Alex FITZPATRICK (ENG) is GB&I’s ‘Combined No.1’ based on his average ranking across both the SPWAR and WAGR.
Jack BROOKS (ENG), Zach CHEGWIDDEN (ENG), Calum SCOTT (SCO), Caolan RAFFERTY (IRL), Calum BRUCE (SCO), Harley SMITH (ENG) and Hugh FOLEY (IRL) all have ranking differentials in excess of 200 places amongst our leading players. If you study these players results in detail I am confident you will conclude that the SPWAR is the more accurate ranking of the two.
Archie DAVIES has moved into the GB&I top 10 in both the SPWAR and WAGR after a number of good results for East Tennessee State University in 2021. He and James ASHFIELD are the only Welsh players featuring in this analysis.
Jack DYER (ENG), Joe LONG (ENG), Dev MORLEY (IRL), Rhys NEVIN (ENG) and James WILSON (SCO) have all turned pro in recent months.
Please refer to the Turned Pro section of this website to view my rolling record of departures.
My Player Of The Quarter
John GOUGH (ENG) is my Quarter 3 2021 Player Of The Quarter.
Gough enjoyed a superb summer winning the Palmetto Amateur in USA before coming home and winning the English Amateur Championship.
He also finished tied 3rd in the Brabazon Trophy and 3rd at the South East of England Links Championship.
His W5/H1/L0 and W4/H0/L2 winning records at the Men’s Home Internationals and English Men’s County Finals respectively also saw his form continue into September.
John Gough (Photo: England Golf / Leaderboard Photography)
An honourable mention to Harley SMITH (ENG) who memorably won both the U18 Carris and U16 McGregor Trophies during this period.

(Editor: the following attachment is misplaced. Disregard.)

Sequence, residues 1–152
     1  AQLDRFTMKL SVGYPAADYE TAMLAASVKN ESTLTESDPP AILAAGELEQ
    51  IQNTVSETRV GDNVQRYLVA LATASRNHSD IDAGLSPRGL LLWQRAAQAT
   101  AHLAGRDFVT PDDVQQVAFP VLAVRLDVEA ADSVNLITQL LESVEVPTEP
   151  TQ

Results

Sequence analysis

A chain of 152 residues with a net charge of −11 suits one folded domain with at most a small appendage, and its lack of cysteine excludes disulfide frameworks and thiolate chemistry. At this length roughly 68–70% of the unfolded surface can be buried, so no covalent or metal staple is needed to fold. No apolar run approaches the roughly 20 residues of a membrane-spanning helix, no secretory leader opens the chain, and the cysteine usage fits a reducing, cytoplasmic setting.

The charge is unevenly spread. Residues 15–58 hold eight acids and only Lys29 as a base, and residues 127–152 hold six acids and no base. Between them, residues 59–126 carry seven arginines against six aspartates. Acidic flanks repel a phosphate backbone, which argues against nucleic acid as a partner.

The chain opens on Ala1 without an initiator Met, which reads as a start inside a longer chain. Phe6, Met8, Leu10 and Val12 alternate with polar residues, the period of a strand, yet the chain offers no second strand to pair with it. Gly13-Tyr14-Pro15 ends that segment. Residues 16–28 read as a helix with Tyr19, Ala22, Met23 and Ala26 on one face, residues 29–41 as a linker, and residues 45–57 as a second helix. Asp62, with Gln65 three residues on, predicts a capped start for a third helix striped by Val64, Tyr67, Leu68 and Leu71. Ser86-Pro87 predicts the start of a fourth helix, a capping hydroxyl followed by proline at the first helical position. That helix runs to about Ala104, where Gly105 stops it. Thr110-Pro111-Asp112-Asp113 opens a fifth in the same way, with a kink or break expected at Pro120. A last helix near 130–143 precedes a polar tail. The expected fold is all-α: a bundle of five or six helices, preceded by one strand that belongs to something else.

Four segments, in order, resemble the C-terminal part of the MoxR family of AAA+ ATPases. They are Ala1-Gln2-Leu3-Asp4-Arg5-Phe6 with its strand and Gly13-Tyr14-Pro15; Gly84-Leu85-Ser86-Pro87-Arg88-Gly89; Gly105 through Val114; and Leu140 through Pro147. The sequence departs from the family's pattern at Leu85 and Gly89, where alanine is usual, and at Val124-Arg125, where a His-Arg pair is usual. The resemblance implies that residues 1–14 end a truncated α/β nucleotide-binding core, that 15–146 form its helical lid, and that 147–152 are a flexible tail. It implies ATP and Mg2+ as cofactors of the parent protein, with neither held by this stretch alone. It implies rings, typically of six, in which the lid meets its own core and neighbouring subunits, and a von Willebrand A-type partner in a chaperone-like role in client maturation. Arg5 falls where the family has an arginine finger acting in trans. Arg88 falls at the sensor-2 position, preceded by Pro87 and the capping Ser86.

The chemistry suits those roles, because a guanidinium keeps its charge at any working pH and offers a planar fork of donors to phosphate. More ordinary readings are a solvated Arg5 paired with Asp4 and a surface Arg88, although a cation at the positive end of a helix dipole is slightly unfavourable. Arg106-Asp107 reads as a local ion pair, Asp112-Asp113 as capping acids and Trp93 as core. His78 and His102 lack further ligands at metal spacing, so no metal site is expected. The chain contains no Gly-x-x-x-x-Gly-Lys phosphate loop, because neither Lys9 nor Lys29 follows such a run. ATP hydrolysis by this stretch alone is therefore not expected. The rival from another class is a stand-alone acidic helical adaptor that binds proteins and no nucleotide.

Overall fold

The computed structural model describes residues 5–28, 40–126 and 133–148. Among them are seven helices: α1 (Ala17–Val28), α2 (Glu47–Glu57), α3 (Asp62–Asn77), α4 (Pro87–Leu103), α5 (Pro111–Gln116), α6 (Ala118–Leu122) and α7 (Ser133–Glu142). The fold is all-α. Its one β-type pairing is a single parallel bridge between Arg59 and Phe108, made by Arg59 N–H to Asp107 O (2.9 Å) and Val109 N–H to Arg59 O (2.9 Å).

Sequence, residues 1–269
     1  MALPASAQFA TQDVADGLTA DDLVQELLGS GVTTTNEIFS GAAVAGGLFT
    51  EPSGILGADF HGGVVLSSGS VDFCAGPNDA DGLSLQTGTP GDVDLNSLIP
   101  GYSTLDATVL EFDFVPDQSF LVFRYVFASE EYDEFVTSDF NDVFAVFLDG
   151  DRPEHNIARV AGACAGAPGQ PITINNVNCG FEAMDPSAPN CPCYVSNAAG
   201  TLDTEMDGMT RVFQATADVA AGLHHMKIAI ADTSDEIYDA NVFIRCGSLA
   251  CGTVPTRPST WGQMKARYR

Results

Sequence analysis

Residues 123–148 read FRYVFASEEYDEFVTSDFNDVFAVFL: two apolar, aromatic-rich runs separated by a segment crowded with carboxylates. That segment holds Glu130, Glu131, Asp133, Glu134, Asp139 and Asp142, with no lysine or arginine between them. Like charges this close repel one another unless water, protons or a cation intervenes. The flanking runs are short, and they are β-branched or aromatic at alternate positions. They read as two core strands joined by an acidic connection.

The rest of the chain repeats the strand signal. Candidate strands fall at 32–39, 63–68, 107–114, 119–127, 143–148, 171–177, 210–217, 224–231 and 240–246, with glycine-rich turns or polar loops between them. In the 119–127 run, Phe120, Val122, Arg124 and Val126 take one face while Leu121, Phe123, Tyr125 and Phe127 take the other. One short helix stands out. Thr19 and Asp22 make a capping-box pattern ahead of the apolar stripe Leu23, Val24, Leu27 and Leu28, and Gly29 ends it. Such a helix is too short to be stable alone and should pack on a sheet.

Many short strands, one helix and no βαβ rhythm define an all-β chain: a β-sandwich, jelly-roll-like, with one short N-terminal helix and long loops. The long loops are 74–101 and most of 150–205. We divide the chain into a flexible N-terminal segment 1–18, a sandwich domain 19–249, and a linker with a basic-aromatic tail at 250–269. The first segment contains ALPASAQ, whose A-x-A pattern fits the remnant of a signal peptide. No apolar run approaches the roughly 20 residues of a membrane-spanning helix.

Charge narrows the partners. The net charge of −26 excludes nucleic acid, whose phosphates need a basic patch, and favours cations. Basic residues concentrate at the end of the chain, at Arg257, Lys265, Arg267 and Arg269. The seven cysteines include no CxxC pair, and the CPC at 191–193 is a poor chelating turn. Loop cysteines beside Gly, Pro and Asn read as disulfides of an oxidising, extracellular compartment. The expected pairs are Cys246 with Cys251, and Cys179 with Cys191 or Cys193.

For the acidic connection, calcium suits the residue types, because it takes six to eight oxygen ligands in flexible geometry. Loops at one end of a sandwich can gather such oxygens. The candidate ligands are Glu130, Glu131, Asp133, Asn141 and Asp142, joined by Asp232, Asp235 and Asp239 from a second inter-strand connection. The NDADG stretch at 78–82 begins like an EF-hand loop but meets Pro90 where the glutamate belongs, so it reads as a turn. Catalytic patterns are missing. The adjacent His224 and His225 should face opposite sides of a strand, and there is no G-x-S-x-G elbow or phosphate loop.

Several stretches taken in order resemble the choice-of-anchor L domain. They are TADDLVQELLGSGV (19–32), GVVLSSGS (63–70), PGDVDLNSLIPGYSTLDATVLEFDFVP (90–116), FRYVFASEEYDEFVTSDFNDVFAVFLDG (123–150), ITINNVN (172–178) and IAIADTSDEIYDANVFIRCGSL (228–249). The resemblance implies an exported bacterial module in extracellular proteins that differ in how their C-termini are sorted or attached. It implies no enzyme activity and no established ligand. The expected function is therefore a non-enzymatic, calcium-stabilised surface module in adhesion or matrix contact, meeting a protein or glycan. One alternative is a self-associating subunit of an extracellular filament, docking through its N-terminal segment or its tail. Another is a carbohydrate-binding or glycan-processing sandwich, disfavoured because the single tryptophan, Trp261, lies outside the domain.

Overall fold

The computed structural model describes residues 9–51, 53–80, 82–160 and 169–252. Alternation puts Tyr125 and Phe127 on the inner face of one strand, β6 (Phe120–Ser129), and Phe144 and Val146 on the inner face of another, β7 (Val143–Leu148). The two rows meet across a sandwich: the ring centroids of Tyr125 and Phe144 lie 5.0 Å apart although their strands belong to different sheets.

Amateur Tournament Rankings
Historically the SPWAR has produced an annual Amateur Tournament Ranking which whilst interesting in itself shows how Mr. Solomon assesses the leading events – a function of field quality (based on players in the SPWAR’s Top 1,000 at the start of play), field size and event length.
However, he was reluctant to update the SPWAR’s list for 2020 considering it unrepresentative to do so given the impact of the coronavirus pandemic. The next SPWAR event ranking is therefore expected to be published at the end of the 2021 calendar year.
Click here to view the 2019 – SPWAR Amateur Tournament Ranking
The WAGR‘s ‘Power Method’ has provided greater clarity as to their approach to event ranking. Specific ‘power numbers’ for each event have replaced the broad letter categories of the old system.
I have used these ‘power numbers’ to create three 2021 Year To Date WAGR event rankings – U.S. Collegiate, International and GB&I. My lists below are restricted to events that have featured GB&I players and will be updated as the year progresses. For comparison purposes the 2020 tables are shown in Appendix 4 below.
The tables highlight the continuing strength of U.S. collegiate golf but sadly the relatively poor standard of fields that have been competing in GB&I in 2021.
Based on the WAGR’s ‘power numbers’ The Amateur Championship will sadly not even be in the top 50 amateur events played in 2021, at least based on the quality of its participants.